Saudi bankers await repatriated cash flows
Saudi investors are likely to repatriate at least part of their $600 billion capital holdings in the West in the aftermath of the September 11 terrorist attacks on the United States, Saudi bankers anticipate, awaiting better times for the local banking sector.
In the period between January and September 2001, 40.8 billion Saudi riyals ($10.88 billion) were transferred out of the Kingdom, in the form of expatriate labor transfers and foreign currency purchases. Foreign currency acquisition in the Saudi kingdom totaled 283 billion Saudi riyals ($75 billion) in the third quarter of 2001, a 1.6 percent drop from SR 287.8 billion ($76 billion) the previous quarter.
Saudi banks purchased SR 110.7 billion ($29 billion) of these foreign currencies from international banks, SR 74.3 billion ($19 billion) from clients, SR 55.5 billion ($14 billion) from local banks and SR 41.4 billion ($11 billion) from the Saudi Arabian Monetary Agency, reported Al-Watan.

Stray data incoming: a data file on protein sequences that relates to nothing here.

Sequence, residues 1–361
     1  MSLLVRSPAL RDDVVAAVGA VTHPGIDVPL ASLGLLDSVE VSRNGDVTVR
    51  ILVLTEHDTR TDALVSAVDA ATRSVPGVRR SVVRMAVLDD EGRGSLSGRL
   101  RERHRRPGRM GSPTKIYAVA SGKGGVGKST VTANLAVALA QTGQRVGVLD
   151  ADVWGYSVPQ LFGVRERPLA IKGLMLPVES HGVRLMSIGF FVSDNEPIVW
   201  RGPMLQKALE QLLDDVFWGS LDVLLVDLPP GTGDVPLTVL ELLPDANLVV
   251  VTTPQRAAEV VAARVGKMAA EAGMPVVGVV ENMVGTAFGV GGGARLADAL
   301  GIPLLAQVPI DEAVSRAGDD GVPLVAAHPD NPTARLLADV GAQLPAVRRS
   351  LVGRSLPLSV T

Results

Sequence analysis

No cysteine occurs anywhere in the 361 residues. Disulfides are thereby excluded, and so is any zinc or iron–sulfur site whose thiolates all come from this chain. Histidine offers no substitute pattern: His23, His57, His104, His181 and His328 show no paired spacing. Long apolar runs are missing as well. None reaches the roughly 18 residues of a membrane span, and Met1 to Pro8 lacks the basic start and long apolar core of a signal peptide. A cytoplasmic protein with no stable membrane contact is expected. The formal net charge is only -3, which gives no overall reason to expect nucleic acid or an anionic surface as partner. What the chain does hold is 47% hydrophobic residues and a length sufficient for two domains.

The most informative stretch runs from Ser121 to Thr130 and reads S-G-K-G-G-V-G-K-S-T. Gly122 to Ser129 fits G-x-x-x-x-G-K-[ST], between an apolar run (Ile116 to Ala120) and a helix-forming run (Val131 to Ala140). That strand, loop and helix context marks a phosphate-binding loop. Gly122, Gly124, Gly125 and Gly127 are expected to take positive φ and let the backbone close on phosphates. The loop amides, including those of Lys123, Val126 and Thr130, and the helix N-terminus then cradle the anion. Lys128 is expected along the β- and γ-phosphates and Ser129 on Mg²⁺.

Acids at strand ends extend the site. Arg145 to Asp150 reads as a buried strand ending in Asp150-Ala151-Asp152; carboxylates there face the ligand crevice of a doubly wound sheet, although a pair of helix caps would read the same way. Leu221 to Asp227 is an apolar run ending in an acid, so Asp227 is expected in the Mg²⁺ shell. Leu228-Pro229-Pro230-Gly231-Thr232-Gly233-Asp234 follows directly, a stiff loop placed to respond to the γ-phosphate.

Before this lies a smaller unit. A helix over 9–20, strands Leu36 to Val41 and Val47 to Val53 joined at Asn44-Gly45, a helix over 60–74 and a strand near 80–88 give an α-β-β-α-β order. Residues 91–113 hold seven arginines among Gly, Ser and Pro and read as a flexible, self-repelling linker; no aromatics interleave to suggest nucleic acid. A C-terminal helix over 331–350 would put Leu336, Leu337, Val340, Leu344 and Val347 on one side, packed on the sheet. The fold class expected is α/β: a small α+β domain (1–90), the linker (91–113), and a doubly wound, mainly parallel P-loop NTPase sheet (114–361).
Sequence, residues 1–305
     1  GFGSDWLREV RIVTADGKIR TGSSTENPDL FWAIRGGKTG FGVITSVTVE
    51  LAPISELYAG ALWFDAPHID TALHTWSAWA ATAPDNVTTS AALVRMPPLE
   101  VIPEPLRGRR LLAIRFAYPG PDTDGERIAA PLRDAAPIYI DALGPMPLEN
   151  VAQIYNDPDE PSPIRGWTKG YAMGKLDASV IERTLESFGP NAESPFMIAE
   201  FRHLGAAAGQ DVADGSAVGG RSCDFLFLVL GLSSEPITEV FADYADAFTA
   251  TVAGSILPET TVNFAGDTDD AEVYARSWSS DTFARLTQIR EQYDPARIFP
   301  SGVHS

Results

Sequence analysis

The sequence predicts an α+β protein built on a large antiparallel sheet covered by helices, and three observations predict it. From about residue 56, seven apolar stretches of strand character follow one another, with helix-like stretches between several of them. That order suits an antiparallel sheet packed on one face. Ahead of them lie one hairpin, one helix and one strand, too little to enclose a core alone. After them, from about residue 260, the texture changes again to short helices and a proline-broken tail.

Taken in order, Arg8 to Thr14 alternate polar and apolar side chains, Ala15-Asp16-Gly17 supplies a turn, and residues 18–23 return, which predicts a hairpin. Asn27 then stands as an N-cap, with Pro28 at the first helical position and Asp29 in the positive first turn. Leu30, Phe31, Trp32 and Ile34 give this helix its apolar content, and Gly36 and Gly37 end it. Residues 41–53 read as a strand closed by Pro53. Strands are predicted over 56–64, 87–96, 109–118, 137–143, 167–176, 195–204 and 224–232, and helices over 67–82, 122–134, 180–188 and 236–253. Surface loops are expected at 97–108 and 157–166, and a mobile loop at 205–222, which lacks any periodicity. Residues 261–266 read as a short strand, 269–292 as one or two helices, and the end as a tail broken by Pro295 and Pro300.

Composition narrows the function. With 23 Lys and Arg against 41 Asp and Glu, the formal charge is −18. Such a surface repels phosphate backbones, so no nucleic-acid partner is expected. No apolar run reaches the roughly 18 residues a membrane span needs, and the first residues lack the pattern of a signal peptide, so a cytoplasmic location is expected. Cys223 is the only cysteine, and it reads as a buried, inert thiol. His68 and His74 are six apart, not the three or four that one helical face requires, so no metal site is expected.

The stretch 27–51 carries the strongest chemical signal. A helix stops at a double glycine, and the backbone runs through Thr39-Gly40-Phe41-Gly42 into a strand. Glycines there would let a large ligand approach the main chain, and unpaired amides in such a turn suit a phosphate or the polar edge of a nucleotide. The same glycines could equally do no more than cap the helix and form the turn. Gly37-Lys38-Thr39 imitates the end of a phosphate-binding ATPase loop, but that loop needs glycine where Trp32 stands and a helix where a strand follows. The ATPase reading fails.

Saudi banks granted SR 185.3 billion ($49 billion) worth of credit to various sectors in the first nine months of 2001, of which 21 percent was awarded as long-term credit, 17 percent as medium term and 62 percent as short-term credit. The private sector’s total payable liabilities to Saudi banks increased by 2.35 percent to SR 182.7 billion ($48 billion) in the third quarter of 2001, up from SR 179 billion ($47 billion) in the second quarter of the same year.
A total of 2,456 Automated Teller Machines (ATM) operated throughout the Kingdom in the third quarter of the current year, compared with 2,369 in the second quarter. Saudi banks distributed 500,210 ATM cards during the third quarter. — (menareport.com)
© 2001 Mena Report (www.menareport.com)
- Saudi Arabia: International bankers outraged at rumored secret Algosaibi - al Saad bailout
- Bankers: Terrorist Attacks in US may Spur Flow of Gulf Funds Home
- Top international banker hails UAE economy
- Beyond the usual: massive surpluses await the Gulf economies
- Local banks urge Gulf investors to repatriate capital